Canada’s amended Patent Act weakens protections for intellectual property in the life sciences just when rights are vital for mobilizing a rapid response.
First, the good news: Symvivo Corp., a Canadian company, has a SARS-CoV-2 vaccine candidate in phase one trials. The bad news is that the federal government is dismantling the incentives to find a vaccine.
In the battle against the global pandemic, public- and private-sector actors both have essential roles to play.
Governments are collecting data, sharing information, removing regulatory roadblocks and identifying where resources are most desperately needed.
Meanwhile, the private sector is ramping up research and development of treatments and vaccines, speeding up clinical trials, and arranging for large-scale manufacture and distribution.
The result, we hope, will be a vaccine developed in record time.
But the federal government is undermining these efforts. In March, the government amended Canada’s Patent Act, providing for a new compulsory licensing regime. The government caved to calls for new legislation to pre-emptively confiscate the intellectual property (IP) of any yet-to-be-discovered COVID-19 treatment.
Canada is among several countries with national legislation that allows for flexibilities to apply to patent protection. As described by the Organization for Economic Co-operation and Development (OECD), this includes “compulsory licensing, especially in cases where [voluntary licences] are refused or too slow to respond to an urgent situation.” Federal Bill C‑13 facilitates Canada’s grant of government use licences.
Canada is not the only country to exhibit such short-sightedness – Chile, Ecuador, Germany and Israel have also moved to suspend IP rights, including patents for new COVID-19 treatments. But Canada’s amended Patent Act additionally weakens protections for intellectual property in the life sciences, which already lag behind other industrialized countries.
A new study by the Fraser Institute describes how Canadian patient access to potentially life-saving biologic medicines is comparatively limited. Although cutting-edge biologic drugs are treating previously untreatable conditions, often with fewer adverse effects, improving the health of patients and saving lives worldwide, Canadian patients are missing out.
As of December 2018, the latest month of comparable available data, Canada has approved only 10 biosimilars, which are the biologic drug equivalent of a generic “small molecule” drug, compared to 15 in the United States, 20 in Australia and 62 in the European Union.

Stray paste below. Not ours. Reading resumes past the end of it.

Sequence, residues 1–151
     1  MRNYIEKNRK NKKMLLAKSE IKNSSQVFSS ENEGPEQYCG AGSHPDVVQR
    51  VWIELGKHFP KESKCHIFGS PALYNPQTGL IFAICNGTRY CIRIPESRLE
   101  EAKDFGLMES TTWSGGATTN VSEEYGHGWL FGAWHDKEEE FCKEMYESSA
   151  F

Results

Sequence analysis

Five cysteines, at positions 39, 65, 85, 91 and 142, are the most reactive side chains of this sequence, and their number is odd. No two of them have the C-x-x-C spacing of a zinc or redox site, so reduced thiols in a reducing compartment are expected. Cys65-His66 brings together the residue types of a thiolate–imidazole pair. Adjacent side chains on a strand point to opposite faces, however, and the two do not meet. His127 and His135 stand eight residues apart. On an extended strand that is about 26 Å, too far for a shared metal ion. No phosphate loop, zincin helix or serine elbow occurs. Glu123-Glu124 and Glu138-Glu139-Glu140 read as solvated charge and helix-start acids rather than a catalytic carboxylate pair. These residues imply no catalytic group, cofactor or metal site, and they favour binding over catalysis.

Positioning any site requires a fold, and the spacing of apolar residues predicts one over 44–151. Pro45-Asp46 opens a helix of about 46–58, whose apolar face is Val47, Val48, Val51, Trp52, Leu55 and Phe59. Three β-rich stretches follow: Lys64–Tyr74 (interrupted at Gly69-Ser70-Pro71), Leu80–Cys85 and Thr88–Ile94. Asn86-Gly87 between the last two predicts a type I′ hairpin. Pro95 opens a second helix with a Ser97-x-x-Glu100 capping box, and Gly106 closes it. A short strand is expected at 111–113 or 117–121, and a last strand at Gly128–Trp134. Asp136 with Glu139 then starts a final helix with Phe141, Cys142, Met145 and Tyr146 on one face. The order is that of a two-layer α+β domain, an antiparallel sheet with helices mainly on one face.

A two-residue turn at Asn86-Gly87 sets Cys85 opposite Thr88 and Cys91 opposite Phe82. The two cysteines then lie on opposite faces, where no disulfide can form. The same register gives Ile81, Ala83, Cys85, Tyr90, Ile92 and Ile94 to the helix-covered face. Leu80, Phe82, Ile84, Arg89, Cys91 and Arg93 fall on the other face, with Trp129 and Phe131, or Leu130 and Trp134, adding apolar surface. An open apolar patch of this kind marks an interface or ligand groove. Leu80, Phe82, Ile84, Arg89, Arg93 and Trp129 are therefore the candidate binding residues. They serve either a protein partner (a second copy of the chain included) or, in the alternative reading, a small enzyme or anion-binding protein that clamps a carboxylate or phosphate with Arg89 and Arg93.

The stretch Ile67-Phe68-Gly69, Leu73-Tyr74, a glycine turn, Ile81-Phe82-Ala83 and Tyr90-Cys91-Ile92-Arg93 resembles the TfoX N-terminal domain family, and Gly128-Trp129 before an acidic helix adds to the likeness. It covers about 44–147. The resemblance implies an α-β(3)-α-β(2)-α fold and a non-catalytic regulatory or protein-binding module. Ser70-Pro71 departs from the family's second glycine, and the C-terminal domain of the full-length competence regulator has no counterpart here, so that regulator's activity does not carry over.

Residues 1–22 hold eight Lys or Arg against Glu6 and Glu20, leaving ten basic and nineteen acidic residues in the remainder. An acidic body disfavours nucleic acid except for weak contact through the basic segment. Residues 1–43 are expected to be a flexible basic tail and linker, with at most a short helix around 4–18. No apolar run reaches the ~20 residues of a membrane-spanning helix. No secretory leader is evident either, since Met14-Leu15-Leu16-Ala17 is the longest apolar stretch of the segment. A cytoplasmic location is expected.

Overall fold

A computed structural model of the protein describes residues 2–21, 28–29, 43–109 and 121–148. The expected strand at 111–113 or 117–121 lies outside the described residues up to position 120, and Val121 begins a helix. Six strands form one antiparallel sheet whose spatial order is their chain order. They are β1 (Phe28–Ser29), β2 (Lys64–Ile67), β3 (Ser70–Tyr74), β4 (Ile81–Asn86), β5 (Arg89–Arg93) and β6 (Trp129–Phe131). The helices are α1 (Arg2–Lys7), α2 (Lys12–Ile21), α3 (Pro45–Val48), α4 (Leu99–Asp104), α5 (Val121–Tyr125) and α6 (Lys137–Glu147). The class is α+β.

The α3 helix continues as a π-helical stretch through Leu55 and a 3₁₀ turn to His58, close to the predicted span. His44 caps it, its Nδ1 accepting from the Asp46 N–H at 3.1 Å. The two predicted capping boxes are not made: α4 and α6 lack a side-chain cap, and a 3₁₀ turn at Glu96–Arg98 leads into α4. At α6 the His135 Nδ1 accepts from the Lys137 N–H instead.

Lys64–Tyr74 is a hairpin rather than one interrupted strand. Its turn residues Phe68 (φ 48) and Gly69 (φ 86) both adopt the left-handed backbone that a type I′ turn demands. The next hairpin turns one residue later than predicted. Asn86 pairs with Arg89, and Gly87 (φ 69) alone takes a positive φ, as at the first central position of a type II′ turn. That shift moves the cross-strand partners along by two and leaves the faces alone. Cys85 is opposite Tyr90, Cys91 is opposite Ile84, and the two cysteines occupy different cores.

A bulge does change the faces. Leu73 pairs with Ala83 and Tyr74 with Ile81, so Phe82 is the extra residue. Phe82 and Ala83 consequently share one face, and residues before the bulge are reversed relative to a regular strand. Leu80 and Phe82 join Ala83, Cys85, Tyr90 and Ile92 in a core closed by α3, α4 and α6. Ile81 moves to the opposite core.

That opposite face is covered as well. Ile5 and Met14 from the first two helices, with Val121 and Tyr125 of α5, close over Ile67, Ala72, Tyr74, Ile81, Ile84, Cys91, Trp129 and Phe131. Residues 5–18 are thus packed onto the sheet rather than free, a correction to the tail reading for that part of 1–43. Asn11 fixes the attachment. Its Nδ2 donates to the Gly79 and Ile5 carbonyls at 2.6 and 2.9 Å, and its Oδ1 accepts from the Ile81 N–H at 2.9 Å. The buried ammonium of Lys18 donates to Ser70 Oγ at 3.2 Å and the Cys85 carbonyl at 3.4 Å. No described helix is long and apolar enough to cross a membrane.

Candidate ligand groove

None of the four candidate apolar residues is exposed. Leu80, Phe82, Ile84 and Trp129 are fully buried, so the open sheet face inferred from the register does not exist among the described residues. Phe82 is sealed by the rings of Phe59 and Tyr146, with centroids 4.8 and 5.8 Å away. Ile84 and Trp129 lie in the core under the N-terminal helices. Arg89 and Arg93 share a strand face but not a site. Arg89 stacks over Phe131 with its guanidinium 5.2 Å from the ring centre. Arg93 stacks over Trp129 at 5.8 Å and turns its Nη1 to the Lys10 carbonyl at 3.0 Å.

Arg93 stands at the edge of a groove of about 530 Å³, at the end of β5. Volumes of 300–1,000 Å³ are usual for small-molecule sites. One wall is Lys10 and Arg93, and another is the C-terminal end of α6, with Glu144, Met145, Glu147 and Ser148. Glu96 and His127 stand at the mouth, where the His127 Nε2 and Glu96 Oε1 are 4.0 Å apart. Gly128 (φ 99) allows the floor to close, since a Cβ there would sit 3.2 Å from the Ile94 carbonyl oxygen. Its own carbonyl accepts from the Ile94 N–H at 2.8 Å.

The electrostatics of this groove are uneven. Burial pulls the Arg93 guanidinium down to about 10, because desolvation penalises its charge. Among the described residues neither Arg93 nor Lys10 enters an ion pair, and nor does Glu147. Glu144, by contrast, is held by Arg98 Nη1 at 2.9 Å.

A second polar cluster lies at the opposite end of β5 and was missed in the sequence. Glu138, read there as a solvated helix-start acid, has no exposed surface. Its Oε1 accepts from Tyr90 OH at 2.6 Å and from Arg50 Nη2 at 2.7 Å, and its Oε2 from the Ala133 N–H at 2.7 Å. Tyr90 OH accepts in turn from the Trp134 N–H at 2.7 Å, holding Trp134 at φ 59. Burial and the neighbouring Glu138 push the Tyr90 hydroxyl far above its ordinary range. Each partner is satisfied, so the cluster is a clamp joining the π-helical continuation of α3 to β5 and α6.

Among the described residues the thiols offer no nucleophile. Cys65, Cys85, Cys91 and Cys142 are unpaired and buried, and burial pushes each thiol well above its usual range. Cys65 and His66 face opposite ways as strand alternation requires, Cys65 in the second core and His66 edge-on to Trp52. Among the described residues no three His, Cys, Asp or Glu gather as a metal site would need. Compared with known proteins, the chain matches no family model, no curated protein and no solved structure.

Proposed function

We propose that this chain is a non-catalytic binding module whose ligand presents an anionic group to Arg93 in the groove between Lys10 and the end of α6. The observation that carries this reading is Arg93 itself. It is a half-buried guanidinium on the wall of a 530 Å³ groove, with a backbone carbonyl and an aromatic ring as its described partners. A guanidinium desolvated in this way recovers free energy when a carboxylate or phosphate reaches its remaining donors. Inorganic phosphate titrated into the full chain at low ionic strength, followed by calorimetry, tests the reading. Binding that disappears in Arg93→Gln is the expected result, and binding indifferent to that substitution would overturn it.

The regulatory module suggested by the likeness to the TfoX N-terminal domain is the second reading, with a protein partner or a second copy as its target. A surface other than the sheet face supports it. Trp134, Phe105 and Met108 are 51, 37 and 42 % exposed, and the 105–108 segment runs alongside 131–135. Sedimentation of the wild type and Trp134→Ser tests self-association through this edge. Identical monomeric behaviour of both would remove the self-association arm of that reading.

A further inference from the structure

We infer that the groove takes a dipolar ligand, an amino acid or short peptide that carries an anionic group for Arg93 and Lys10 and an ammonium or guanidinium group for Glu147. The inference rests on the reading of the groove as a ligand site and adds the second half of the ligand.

Biologic drugs are produced from or contain elements of living organisms. They are therefore more complicated – and more expensive – to develop, produce, distribute and dispense than other medicines. They are also at the forefront of treatment and vaccine technologies for COVID-19.
Strong intellectual property rights for biologics are crucial for expediting clinical trials for preventive vaccines and therapeutic biological medicines, for scaling up manufacture and distribution capacity, and investigating the use of convalescent plasma in the treatment of COVID-19.
Clearly, these protections are crucial in the fight against COVID-19, and in the development of the biologics that will treat a host of other diseases. The ability of drug companies to protect their intellectual property – for example, by using data exclusivity to prevent competing firms from using proprietary testing data to produce generic versions of the drugs – is essential for incentivizing the development of biologics.
These protections are particularly critical because biopharmaceutical innovations are easily copied and sold by competitors, eliminating the financial incentives that drive innovation.
Unfortunately, Canada’s intellectual property laws are weak compared to laws in other jurisdictions, including the U.S. and EU. For example, Canada has one of the shortest terms of data exclusivity for pre-clinical and clinical trials.
In the face of the global pandemic, intellectual property rights are vital for mobilizing a rapid response and drawing on the greatest banks of knowledge. If Canadian policy-makers want to improve access to state-of-the-art drugs in Canada, and ensure that COVID-19 vaccines are available, they must incentivize it and strengthen protections for intellectual property.
Kristina M.L. Acri is an associate professor of economics at Colorado College and a senior fellow at the Fraser Institute.
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- Absent a vaccine, COVID-19 will linger with us for a long time. As Chris Gardner notes, the primary task of our leaders is charting a course to and through the new normal.
- COVID-19 has ended – or should end – the era of single-source suppliers, argues Roslyn Kunin.